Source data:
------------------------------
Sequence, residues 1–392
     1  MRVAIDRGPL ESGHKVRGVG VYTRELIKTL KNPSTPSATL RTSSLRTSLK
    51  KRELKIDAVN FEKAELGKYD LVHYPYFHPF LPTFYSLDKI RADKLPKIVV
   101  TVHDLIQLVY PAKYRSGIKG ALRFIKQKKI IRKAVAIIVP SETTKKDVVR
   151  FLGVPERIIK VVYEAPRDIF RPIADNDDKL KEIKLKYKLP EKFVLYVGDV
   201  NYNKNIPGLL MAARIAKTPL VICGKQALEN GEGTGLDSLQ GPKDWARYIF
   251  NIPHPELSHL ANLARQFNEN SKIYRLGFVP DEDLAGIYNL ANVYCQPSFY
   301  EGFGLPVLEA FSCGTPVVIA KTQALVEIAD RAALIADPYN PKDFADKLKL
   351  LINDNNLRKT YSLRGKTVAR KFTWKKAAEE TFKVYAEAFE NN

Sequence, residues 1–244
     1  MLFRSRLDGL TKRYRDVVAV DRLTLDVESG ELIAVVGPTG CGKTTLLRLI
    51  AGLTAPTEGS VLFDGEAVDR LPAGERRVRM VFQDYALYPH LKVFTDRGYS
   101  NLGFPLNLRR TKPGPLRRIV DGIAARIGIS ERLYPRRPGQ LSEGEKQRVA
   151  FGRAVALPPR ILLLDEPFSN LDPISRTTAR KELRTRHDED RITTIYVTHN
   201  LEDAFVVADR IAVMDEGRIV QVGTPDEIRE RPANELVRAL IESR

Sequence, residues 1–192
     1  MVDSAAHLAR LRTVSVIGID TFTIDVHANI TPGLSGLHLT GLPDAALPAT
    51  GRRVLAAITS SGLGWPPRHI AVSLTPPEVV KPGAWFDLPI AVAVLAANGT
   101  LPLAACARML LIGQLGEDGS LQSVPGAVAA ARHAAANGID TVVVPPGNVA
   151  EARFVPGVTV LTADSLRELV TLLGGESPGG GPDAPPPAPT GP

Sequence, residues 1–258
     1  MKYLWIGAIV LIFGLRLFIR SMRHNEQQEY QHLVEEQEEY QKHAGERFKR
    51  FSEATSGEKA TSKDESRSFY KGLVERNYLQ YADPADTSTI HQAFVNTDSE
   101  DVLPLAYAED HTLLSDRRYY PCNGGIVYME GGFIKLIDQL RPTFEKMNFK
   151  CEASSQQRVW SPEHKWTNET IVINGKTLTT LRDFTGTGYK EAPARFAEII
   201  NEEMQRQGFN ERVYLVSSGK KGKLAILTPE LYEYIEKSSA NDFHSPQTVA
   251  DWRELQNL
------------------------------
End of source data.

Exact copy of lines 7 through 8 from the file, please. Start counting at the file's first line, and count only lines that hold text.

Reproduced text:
   251  NIPHPELSHL ANLARQFNEN SKIYRLGFVP DEDLAGIYNL ANVYCQPSFY
   301  EGFGLPVLEA FSCGTPVVIA KTQALVEIAD RAALIADPYN PKDFADKLKL